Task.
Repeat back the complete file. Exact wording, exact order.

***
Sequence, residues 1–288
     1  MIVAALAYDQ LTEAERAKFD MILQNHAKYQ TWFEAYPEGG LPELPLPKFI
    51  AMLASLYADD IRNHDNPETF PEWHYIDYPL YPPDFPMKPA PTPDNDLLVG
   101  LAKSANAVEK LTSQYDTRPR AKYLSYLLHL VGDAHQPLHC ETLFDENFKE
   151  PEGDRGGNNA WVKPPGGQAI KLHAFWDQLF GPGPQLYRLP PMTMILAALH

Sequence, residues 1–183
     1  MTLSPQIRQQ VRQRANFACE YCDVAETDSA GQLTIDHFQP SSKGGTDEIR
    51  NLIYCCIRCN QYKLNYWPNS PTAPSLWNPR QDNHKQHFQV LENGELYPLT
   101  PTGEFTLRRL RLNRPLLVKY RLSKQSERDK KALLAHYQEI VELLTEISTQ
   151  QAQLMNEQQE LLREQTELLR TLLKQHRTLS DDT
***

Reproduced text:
Sequence, residues 1–288
     1  MIVAALAYDQ LTEAERAKFD MILQNHAKYQ TWFEAYPEGG LPELPLPKFI
    51  AMLASLYADD IRNHDNPETF PEWHYIDYPL YPPDFPMKPA PTPDNDLLVG
   101  LAKSANAVEK LTSQYDTRPR AKYLSYLLHL VGDAHQPLHC ETLFDENFKE
   151  PEGDRGGNNA WVKPPGGQAI KLHAFWDQLF GPGPQLYRLP PMTMILAALH

Sequence, residues 1–183
     1  MTLSPQIRQQ VRQRANFACE YCDVAETDSA GQLTIDHFQP SSKGGTDEIR
    51  NLIYCCIRCN QYKLNYWPNS PTAPSLWNPR QDNHKQHFQV LENGELYPLT
   101  PTGEFTLRRL RLNRPLLVKY RLSKQSERDK KALLAHYQEI VELLTEISTQ
   151  QAQLMNEQQE LLREQTELLR TLLKQHRTLS DDT